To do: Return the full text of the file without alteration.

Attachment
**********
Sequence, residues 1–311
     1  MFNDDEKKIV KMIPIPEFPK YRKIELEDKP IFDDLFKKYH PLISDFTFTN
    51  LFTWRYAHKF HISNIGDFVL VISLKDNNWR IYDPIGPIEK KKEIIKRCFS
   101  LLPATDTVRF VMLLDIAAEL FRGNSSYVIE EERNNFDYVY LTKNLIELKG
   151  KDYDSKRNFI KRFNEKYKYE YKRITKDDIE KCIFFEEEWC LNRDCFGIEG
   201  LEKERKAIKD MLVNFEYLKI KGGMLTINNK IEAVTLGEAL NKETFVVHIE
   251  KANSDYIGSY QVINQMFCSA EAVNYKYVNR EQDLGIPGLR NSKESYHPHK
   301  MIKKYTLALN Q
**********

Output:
Sequence, residues 1–311
     1  MFNDDEKKIV KMIPIPEFPK YRKIELEDKP IFDDLFKKYH PLISDFTFTN
    51  LFTWRYAHKF HISNIGDFVL VISLKDNNWR IYDPIGPIEK KKEIIKRCFS
   101  LLPATDTVRF VMLLDIAAEL FRGNSSYVIE EERNNFDYVY LTKNLIELKG
   151  KDYDSKRNFI KRFNEKYKYE YKRITKDDIE KCIFFEEEWC LNRDCFGIEG
   201  LEKERKAIKD MLVNFEYLKI KGGMLTINNK IEAVTLGEAL NKETFVVHIE
   251  KANSDYIGSY QVINQMFCSA EAVNYKYVNR EQDLGIPGLR NSKESYHPHK
   301  MIKKYTLALN Q